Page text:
In the wake of Nic Cubrilovic’s revelations about the suspicious behavior of Facebook cookies, the social networking site has been hit by lawsuit after lawsuit, all accusing the site of ‘violating wire tap laws’. To date, the number of suits related to the cookie issue amounts to five in total, three of which were filed just this week.
The allegation that Facebook has been tracking user activity online even after the user has logged out has, understandably, rubbed most users the wrong way. The very idea is a blatant invasion of privacy. Of course, what followed the allegation was a quick denial, with Facebook claiming that it did not use its cookies for tracking and instead used it to provide a more ‘personalized experience’ for users and to buff up the site’s security.
They claimed that the cookies’ behavior could simply be attributed to a ‘bug’ in the system and that they had already implemented a ‘fix’. Facebook also claimed that it never keeps browsing data that’s specifically tied to users’ identities and that it doesn’t really track users – whether they’re logged on or not.
Some people, however, were not buying that explanation. Especially, when you consider that Facebook recently filed for a patent titled: Communicating Information in a Social Network System about Activities from Another Domain.” [emphasis added]. In fact, there are some lawmakers who have called for an FTC investigation. It’s still unknown whether the FTC will act on it or not, but the lawmakers have been very insistent on the matter, claiming that it’s well within the responsibility of the FTC to investigate.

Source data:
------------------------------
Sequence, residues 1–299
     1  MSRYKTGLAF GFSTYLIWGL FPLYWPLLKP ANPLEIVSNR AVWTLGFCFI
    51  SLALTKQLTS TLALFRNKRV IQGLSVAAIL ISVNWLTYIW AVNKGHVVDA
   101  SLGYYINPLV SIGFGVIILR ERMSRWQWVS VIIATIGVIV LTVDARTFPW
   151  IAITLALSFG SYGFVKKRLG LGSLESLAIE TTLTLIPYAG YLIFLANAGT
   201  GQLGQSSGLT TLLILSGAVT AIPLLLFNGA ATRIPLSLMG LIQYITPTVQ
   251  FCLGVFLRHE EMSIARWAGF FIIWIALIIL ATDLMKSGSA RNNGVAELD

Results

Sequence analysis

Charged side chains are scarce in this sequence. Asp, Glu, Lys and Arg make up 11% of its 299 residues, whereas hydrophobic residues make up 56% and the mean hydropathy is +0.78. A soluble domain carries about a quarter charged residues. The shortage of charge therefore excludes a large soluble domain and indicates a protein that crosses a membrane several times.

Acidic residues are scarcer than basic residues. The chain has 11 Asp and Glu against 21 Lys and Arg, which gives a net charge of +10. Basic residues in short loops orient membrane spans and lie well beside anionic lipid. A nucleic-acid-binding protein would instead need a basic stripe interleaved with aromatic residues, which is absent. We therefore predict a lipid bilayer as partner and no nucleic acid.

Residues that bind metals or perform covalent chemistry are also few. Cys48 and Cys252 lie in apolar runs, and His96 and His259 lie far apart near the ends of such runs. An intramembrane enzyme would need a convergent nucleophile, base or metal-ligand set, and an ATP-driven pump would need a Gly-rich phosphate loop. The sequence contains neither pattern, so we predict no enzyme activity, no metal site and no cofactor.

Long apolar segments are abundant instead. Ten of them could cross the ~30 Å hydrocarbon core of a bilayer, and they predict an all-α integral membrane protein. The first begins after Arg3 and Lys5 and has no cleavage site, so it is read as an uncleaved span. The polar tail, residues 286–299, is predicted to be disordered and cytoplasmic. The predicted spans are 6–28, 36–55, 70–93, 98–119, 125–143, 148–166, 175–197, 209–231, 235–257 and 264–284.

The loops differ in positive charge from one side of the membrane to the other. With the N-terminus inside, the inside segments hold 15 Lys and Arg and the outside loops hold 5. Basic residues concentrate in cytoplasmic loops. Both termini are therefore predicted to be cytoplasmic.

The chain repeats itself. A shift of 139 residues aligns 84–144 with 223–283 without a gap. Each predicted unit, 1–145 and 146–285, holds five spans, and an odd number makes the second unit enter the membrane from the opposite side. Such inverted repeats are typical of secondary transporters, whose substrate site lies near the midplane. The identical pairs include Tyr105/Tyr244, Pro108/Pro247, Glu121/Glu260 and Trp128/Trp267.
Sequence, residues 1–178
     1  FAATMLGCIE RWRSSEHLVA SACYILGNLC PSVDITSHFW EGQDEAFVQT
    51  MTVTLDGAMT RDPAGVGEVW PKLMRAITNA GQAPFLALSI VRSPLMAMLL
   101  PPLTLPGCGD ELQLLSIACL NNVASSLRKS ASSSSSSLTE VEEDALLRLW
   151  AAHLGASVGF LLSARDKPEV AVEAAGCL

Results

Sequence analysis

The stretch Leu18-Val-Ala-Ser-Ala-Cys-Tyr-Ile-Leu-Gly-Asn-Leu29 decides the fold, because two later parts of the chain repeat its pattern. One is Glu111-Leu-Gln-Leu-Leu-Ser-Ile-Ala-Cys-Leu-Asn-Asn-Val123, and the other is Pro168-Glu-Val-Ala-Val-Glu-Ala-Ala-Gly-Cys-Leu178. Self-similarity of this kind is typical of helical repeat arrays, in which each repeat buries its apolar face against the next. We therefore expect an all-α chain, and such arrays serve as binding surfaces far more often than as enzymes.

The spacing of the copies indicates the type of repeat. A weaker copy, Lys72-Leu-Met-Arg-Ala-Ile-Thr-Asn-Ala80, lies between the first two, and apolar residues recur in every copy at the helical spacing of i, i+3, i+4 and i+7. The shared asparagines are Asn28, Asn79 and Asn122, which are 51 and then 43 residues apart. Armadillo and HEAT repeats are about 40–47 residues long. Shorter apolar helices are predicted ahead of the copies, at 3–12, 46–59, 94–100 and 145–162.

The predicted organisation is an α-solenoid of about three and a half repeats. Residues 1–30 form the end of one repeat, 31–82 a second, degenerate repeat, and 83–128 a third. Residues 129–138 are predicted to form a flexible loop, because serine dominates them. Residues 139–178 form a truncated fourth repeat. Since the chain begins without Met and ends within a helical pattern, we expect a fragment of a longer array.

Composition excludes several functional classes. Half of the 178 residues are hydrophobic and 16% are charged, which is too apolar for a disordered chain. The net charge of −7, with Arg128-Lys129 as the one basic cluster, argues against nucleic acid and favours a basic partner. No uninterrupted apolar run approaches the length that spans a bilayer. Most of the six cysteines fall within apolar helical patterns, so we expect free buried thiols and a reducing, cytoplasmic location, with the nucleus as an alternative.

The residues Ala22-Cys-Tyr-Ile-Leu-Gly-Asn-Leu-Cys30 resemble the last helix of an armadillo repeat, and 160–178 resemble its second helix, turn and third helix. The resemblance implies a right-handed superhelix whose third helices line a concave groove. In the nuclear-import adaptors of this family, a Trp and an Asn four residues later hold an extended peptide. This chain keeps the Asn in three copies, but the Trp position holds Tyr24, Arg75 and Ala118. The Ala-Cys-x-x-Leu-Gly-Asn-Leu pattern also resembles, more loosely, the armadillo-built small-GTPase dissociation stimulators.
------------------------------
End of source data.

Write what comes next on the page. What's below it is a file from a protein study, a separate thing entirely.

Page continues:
Most notable, however, were the five lawsuits that have been filed against Facebook. The first ones were from Chandra Thompson in Missouri and Perrin Aikens Davis in California, which were filed the previous week. The ones this week were filed by Michael Singley from Texas, John Graham from Kansas, and Dana Howard from Illinois.
Facebook, however, believes that these cases are without merit and should all be dismissed on the grounds that the plaintiffs did not go into detail or provide enough evidence on how exactly the social networking site tracked them and how exactly they were harmed through it.
Facebook has yet to file any court papers related to this series of lawsuits, but they probably have their arguments readied. How the court will react to these cases though is still impossible to predict. Most people, though, think that Facebook will probably walk away with nothing but a light slap on the wrist.